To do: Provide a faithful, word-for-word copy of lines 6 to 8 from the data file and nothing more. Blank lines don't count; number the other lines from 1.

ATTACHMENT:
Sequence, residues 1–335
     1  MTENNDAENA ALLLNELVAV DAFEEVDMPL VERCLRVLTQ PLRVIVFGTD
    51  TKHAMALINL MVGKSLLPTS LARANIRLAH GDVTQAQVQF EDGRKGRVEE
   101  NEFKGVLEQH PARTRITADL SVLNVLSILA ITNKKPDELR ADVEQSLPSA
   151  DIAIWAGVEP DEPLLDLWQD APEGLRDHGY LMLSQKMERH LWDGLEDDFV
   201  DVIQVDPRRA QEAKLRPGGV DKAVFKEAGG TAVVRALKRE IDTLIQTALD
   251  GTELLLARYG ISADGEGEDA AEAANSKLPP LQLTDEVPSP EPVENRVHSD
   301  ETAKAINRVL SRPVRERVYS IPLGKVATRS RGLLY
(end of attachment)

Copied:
   201  DVIQVDPRRA QEAKLRPGGV DKAVFKEAGG TAVVRALKRE IDTLIQTALD
   251  GTELLLARYG ISADGEGEDA AEAANSKLPP LQLTDEVPSP EPVENRVHSD
   301  ETAKAINRVL SRPVRERVYS IPLGKVATRS RGLLY